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A grounder by South Carolina's Brady Allen gets stuck in the glove of LSU second baseman Brandt Broussard during the second inning of their SEC tournament game on Tuesday, May 21, 2019, in Hoover, Ala.

HOOVER, Ala. — Pride is often viewed as a negative quality.

But you can give Burke Broussard a pass on having a little pride. Especially right now.

The Crowley native and longtime University High baseball coach is proud that he was the starting second baseman on LSU’s first College World Series team in 1986. As a father, naturally, he’s even prouder that his son Brandt is a starter for this year’s LSU team, also at second base.

“Being a high school coach, I tried to be realistic,” said Broussard, who sent some 40 players on to college baseball in his 26-year baseball coaching career (he is now a teacher and boys golf coach at U-High). “I told him, ‘LSU isn’t the only place you can play.’

“He kept his options open, but when it shook out that he would go there, it was surreal. It’s very special.”


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Like dad, Brandt Broussard’s time as an LSU baseball player has been precious and short. Burke was a two-year player at UL before heading to Eastern Oklahoma State College for a year, then transferring to LSU in 1985. Brandt played at Delgado in New Orleans before transferring to LSU in 2018.

It would be a stretch to say father or son was the best player on their respective teams.

Burke played alongside six future major leaguers — guys like right fielder Albert Belle (still to me the most talented LSU baseball player ever), pitcher Mark Guthrie and shortstop Jeff Reboulet.

Brandt has teammates like pitcher Cole Henry, who started the Tigers' 8-6 win over South Carolina on Tuesday, their first game at the Southeastern Conference tournament. Henry set a price tag at $3.5 million to sign professionally out of high school; he ultimately was taken by the Detroit Tigers in the 38th round of the MLB draft and opted for LSU instead.

“I knew what my role was then,” Burke Broussard said, recalling his time with LSU in ’86. “I was a guy who could do a lot of things well. Brandt is like that. He has a good all-around game.”

Burke and his wife Myra, the elementary school principal at U-High, weren’t able to attend LSU’s SEC tournament opener Tuesday because of school. But they did watch from home before driving to Hoover on Wednesday as Brandt played a key (and amusing) role in the Tigers’ crucial win.

Batting out of the ninth hole, Brandt went 2 for 4 with a pair of runs. It was his two-out single in the second inning that sparked a two-run LSU response to South Carolina, which had put up five runs in the top of the second. That really started with what happened to Brandt at second base.

Or, rather, what happened to Brandt’s glove.

Gamecocks right fielder Brady Allen slapped a fairly routine ground ball to Broussard with one out. Broussard came up with it cleanly, but the ball jammed into the webbing of his glove and wouldn’t shake free.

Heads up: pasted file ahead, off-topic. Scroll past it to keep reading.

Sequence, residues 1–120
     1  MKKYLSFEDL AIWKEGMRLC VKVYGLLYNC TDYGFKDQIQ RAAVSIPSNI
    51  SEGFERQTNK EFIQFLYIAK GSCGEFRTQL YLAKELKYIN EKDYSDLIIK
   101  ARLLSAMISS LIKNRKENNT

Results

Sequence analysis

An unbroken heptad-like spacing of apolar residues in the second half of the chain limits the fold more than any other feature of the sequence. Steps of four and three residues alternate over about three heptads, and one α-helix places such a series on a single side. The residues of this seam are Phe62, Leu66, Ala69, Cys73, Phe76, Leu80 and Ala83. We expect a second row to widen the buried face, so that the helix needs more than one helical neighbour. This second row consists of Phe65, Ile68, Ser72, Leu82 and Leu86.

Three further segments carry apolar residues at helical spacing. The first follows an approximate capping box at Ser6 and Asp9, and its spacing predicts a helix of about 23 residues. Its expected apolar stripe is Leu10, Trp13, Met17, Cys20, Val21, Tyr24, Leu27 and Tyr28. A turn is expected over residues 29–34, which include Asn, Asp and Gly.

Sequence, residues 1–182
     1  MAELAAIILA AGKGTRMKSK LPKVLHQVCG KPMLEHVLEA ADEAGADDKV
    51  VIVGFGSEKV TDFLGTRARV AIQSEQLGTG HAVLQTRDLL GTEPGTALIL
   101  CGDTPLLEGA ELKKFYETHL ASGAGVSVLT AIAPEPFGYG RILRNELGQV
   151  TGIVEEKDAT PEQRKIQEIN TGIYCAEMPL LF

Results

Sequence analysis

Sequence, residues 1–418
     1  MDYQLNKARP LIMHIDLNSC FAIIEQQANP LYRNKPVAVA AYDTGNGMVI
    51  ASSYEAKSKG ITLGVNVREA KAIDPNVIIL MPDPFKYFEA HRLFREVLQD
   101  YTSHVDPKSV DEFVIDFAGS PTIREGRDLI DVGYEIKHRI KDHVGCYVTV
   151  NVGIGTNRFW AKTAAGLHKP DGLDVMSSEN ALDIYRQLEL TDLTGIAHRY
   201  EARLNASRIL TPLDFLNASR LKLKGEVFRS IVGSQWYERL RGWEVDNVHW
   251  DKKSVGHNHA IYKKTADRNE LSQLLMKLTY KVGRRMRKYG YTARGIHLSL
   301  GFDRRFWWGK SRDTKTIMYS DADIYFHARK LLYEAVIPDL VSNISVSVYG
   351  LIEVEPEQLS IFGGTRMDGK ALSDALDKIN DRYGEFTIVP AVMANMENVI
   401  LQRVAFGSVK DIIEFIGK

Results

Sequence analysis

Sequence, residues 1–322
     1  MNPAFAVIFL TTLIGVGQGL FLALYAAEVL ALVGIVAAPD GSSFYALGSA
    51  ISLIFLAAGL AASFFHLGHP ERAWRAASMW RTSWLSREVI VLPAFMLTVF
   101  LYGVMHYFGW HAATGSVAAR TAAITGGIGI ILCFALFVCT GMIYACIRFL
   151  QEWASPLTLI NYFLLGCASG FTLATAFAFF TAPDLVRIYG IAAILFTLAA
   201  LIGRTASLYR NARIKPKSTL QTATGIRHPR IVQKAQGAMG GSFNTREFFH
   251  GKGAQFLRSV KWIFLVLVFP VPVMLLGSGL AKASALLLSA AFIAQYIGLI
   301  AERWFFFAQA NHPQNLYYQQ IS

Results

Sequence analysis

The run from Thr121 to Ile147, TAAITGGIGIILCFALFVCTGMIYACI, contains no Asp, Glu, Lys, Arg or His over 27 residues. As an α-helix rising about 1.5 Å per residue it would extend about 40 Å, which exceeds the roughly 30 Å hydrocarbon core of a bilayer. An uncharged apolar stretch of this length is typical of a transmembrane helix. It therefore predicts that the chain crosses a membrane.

“I messaged Cole’s daddy (Jeff) this morning,” Burke Broussard said. “I told him if the ball hadn’t lodged in Brandt’s glove, (Cole) would have probably pitched a shutout.

“He always tightens his glove every at-bat. It just hit him I the right spot. That’s baseball, man. He just had a strange thing happen to him.”

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Burke Broussard quickly acknowledges that one of the major differences Brandt and his teammates have to deal with compared to playing in his day is the unrelenting pressure that comes with LSU baseball.

When Broussard arrived in 1985, one year after Skip Bertman became LSU’s coach, the College World Series might as well have been a crater on a distant planet named Omaha.

But the 1986 team made it, going 55-14 after that March becoming the first LSU baseball team to be ranked No. 1. It still stands as one of the best LSU baseball teams ever, arguably the best one that did not win the national title.

Now, winning the CWS is the be-all-end-all mark of success or failure for every LSU baseball team. It is, to Burke Broussard, a lot of pressure to deal with.

“You can’t compare it with the way it was back then,” Burke said. “Now it’s more of an even playing field. Back in our day, our No. 4 or 5 (starting pitcher) could beat another team’s No. 1. We saw one or two guys a season who could throw 90 mph. Now it’s every game.

“Skip changed the game, made it more serious. Stony Brook and Coastal Carolina, they never would have made it back then. They’ve evened up the playing field.”

It’s pressure, though, that Burke Broussard understands Brandt agreed to accept when he became an LSU baseball player.

There’s only one question left though, one Burke gets asked all the time: Who is the better baseball player?

Naturally, the father defers to the son. As he should.

“But,” Burke said, “I taught him everything he knows.”

That's not pride. That's just a fact.


Follow Scott Rabalais on Twitter, @RabalaisAdv.​